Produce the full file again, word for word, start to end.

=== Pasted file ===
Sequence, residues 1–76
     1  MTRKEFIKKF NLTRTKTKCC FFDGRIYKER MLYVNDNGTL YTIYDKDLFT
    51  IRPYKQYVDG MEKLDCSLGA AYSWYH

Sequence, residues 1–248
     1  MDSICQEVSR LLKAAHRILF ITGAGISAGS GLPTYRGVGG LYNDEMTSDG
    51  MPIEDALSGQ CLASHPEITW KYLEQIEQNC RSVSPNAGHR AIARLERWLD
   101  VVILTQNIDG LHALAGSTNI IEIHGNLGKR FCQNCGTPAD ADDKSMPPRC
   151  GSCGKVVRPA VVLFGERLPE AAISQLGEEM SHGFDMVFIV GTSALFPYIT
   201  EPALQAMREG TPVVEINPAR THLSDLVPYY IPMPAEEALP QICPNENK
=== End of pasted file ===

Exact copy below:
Sequence, residues 1–76
     1  MTRKEFIKKF NLTRTKTKCC FFDGRIYKER MLYVNDNGTL YTIYDKDLFT
    51  IRPYKQYVDG MEKLDCSLGA AYSWYH

Sequence, residues 1–248
     1  MDSICQEVSR LLKAAHRILF ITGAGISAGS GLPTYRGVGG LYNDEMTSDG
    51  MPIEDALSGQ CLASHPEITW KYLEQIEQNC RSVSPNAGHR AIARLERWLD
   101  VVILTQNIDG LHALAGSTNI IEIHGNLGKR FCQNCGTPAD ADDKSMPPRC
   151  GSCGKVVRPA VVLFGERLPE AAISQLGEEM SHGFDMVFIV GTSALFPYIT
   201  EPALQAMREG TPVVEINPAR THLSDLVPYY IPMPAEEALP QICPNENK